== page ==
Last week we welcomed again our guest professor Torange Khonsari from London Metropolitan University, where she leads the MA for Cultural Commons, to host our workshop on Participatory Planning and Community Design.
Torange Khonsari is one of the founders of public works, a not-for-profit critical design practice set up in 2004 that work across the areas of architecture, art, performance and activism. “public works’ projects are interested in what constitutes civic in the city and how to re-design structures that restrict it. The work gives space to and facilitates civic practices which promote direct involvement and collective action in order to transform and re-appropriate contemporary public life.” Their projects cover discursive events, research, campaigns, urban strategies, participatory art and architecture across a variety of scales.
The Participatory Planning and Community Design workshop encourages students to develop a practice model or an initiative within the discourse of the Commons. “In a contemporary context of much inequality, the Commons discourse introduces models of sharing. The Commons are about the assets that belong to everyone, forming resources that should benefit all, rather than being enclosed to just a few”, Khonsari explains.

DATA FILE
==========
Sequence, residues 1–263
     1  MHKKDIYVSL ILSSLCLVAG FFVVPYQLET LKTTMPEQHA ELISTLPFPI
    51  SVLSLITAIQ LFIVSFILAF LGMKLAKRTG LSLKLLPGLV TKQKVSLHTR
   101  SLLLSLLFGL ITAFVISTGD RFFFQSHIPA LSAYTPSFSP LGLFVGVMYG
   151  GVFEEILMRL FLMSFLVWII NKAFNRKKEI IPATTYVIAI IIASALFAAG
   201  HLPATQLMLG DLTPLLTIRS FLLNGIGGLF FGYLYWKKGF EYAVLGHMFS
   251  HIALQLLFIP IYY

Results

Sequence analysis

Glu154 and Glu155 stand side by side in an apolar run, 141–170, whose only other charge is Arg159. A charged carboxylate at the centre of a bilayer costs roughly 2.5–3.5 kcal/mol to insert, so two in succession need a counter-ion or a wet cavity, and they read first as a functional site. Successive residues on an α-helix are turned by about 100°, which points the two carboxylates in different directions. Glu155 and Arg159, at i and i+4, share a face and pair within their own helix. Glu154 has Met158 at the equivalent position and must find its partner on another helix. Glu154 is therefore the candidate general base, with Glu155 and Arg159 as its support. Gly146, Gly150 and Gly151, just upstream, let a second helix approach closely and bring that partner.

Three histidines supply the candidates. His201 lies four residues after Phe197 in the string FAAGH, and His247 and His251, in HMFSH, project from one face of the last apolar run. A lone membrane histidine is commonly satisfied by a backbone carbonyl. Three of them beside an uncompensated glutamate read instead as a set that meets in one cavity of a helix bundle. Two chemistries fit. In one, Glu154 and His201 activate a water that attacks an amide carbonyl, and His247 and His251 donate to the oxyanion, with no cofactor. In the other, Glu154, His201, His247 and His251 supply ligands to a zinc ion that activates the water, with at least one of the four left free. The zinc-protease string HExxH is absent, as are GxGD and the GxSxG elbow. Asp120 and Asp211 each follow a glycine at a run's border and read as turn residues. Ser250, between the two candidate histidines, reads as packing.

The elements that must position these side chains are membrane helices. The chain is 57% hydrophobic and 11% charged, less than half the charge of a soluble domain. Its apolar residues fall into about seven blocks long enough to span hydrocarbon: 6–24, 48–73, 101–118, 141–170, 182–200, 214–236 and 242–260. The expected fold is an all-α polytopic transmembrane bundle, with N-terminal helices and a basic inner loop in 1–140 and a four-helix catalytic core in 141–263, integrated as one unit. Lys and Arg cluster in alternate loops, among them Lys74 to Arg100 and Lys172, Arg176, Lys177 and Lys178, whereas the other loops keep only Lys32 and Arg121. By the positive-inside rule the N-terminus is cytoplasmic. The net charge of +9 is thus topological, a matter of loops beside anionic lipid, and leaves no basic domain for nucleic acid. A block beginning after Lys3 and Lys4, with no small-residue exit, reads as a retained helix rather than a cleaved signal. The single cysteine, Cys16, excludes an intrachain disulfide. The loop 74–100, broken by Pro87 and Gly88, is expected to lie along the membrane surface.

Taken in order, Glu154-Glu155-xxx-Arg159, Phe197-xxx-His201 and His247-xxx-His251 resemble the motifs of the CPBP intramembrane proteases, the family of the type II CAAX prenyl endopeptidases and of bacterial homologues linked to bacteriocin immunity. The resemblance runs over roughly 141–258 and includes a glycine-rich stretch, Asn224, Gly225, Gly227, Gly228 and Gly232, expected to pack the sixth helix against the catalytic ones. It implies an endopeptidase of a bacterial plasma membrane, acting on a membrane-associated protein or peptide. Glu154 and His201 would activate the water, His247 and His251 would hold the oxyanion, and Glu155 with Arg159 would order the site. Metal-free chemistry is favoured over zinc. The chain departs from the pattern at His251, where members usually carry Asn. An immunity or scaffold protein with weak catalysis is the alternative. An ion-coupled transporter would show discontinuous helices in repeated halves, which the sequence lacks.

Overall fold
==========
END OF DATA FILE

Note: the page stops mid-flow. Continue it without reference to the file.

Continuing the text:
Topics and learning outcomes covered by the workshop include best practice models for initiatives or social practices, issues of ethics, methods for sustainability of practice and projects, innovation in practice as infrastructure for implementing commons projects, peer to peer financial models and impact analysis.
The students developed ideas for their own initiatives and organisations ranging from integration of migrants and refugees in Italy, providing education in rural areas in Ecuador, urban farming, coaching and sports for community empowerment and social change, short and long-term recovery from trauma after natural disaster, or circular waste management systems in Kolkata. “It is important to remember that all these issues we are trying to address are happening in Western countries too,” as Khonsari points out. “We see emergencies in our own countries and communities, which often lack resilience and adequate support systems.”
Bottom photo: Student presenting during a workshop on Participatory Planning and Design. Photo by Judy Mahfouz.